LE doesn't want to stop VPNs, because most can be pressured into playing ball at least to some extent, and there are quality free VPN alternatives LE would prefer people not start using on their own. Didn't keep the plod from sticking its foot in it's mouth in the press release though.

  6. captain veg Silver badge

    web domain

    "Web domains were yesterday replaced with a law enforcement splash page"

    I don't know what a "web domain" is. Something to do with a web *site*, perhaps?


    1. Charles 9 Silver badge

      Re: web domain

      Multiple sites can be hosted in a single domain, particularly if subdomains are used. It read to me that ALL references to the domain, regardless of destination, resulted in the splash page.

      1. captain veg Silver badge

        Re: web domain

        I have an MX and FTP server associated with my domain. Neither has anything to do with "web".

        Web != Internet.


    2. Anonymous Coward
      Anonymous Coward

      Re: web domain

      As in Domain Registration, and Domain Registrar, and the fact that this was done with Domain Redirection, not actually changing the contents of the replaced website.

      Cause "It's always DNS" :)

  7. Pascal Monett Silver badge

    So, is it LabVPN or VPNLab ?

    Some consistency would be appreciated, or at least a hint as to why the name change.

  8. Anonymous Coward
    Anonymous Coward

    Yes, shutting one VPN network down definitely will end all criminal activity

    If anyone wondered why people don't take these clowns seriously, this is a great example. Like when they shut down the pirate bay's web host and all the pirates realized they were on notice and just quit forever. Just like when they busted silk road it permanently ended all online drug sales, and closing craigslist's personals section ended all human trafficking.

    Oh wait, what it actually pointed out is how these idiots can't stop grandstanding and talking out their ass. This was one swing in a game of whack-a-mole. It will have no meaningful impact on online crime in any big picture sense and is barely newsworthy. There are thousands of other hosts across hundreds of jurisdictions doing the same thing, and will be tomorrow. Congrats, you just cost every criminal who used that service and paid upfront 60$, and a little sleep over what was being logged. >99.999% of the rest of criminal VPN users neither care nor noticed as they don't use VPNLab, or were smart enough to piggyback at least one additional relay on their traffic.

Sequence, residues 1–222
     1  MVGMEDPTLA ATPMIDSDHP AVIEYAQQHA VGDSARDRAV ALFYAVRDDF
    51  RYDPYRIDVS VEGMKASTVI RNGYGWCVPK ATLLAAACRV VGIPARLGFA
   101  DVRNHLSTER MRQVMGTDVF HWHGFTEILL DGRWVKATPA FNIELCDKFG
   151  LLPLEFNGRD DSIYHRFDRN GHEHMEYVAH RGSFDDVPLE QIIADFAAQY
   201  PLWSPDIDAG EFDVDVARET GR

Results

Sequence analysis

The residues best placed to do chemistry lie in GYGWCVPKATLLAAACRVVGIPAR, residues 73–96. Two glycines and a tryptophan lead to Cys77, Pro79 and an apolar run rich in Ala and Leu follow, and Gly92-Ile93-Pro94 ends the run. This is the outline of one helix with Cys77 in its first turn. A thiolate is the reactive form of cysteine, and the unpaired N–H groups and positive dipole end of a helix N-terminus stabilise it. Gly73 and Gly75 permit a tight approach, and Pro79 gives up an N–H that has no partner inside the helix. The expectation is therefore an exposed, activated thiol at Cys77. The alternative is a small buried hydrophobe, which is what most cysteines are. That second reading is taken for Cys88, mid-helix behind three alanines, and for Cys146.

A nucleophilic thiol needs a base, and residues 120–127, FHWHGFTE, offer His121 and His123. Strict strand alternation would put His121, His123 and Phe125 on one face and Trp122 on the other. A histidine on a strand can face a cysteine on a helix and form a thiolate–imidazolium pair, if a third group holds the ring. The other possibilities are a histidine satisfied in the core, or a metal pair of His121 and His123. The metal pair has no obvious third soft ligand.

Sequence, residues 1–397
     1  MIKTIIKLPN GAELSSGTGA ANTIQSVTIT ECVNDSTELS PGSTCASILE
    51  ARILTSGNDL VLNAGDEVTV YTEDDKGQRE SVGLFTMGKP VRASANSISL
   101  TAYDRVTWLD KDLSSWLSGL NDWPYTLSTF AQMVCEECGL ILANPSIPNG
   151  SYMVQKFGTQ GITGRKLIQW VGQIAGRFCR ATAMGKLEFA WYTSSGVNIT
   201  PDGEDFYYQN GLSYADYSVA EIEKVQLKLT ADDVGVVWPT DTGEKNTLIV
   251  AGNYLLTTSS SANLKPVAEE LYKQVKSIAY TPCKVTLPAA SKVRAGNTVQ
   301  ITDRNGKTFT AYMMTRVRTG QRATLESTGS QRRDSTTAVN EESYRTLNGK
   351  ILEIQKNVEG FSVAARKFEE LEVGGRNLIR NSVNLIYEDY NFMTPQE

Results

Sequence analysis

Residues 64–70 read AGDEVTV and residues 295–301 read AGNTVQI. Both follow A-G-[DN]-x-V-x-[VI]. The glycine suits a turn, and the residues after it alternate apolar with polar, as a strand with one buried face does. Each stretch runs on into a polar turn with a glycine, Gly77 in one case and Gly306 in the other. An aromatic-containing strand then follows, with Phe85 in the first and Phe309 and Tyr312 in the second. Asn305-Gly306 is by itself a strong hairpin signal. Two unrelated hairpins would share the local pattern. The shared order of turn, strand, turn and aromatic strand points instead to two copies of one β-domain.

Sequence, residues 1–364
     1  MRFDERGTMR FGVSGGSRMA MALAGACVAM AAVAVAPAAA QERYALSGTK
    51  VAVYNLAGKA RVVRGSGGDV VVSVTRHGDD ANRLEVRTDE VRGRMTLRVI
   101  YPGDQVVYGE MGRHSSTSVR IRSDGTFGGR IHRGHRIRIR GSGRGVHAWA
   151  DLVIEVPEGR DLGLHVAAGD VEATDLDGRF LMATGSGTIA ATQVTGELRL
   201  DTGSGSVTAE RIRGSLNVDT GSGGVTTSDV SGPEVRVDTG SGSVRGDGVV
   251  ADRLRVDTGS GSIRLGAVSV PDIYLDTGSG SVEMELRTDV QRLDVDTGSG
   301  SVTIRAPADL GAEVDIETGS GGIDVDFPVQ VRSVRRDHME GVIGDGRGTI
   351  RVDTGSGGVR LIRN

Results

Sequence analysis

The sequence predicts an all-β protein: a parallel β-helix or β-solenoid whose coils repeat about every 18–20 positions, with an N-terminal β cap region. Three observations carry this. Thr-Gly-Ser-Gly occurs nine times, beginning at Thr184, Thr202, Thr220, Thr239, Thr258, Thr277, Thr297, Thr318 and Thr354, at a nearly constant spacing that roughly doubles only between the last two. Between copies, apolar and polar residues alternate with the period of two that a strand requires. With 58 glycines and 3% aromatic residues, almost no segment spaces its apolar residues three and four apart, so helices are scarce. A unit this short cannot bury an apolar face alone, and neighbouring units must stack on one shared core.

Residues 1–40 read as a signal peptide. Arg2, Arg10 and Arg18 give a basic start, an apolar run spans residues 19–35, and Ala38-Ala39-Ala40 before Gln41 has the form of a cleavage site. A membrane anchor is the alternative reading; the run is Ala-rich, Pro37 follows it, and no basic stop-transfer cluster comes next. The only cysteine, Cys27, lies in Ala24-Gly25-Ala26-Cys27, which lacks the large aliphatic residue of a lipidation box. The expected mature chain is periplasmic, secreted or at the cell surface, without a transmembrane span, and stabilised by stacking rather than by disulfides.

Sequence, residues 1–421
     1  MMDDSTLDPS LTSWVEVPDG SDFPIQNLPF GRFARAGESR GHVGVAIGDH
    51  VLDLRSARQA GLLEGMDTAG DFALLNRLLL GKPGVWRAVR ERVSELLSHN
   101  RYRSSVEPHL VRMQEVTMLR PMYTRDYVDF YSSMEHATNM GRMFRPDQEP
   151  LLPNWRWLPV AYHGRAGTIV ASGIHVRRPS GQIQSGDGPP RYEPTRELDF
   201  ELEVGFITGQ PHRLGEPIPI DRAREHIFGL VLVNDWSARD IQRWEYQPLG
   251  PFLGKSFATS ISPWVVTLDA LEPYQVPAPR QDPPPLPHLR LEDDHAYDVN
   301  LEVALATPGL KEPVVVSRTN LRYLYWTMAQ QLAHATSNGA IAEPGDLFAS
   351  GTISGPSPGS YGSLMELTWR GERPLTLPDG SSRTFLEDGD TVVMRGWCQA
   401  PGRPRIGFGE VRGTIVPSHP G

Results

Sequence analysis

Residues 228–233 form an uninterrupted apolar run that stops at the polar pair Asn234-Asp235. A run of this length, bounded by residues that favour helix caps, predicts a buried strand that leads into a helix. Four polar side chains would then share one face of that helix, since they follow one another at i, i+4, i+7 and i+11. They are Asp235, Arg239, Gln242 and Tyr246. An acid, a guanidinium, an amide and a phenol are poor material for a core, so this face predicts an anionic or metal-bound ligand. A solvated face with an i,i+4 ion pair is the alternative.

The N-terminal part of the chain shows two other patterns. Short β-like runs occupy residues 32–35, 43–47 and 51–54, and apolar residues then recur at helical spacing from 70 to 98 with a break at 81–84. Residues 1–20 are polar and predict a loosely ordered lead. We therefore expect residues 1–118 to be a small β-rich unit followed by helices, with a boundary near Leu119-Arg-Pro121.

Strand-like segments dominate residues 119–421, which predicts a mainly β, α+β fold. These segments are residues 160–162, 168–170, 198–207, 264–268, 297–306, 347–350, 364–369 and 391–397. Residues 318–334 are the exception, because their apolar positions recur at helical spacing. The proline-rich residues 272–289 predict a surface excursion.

Not that Interpol was in the wrong about the bust, but I care about as much about an individual VPN service getting legitimately busted as what color socks the reporter was wearing when they typed this.

    1. lglethal Silver badge

      Re: Yes, shutting one VPN network down definitely will end all criminal activity

      Your missing the point entirely. Yes this wont stop the Cybercrims moving to other VPN services, BUT the people behind this VPN have just lost a lot of money (especially since they were hosting in lots of different countries). Other VPN operators will look at this and sweat a little bit. And when the Police come knocking on their door asking for access to the logs, most will happily open their doors in order to not lose all of their equipment.

      When the Police have access to the VPN logs, they can go after the actual Cybercrims. Well, those that arent located and protected in Russia, China, NK, etc.

      The Police dont go around shutting down the phone companies, because they simply need to ask for the records, and they get handed over (maybe with a court order if your lucky). VPN's will begin to operate the same way, and those that refuse will find themselves on the end of such co-ordinated raids...

    2. Lazlo Woodbine

      Re: Yes, shutting one VPN network down definitely will end all criminal activity

      So what you're saying is that if a police action doesn't wipe out that type of crime entirely they should just not bother at all...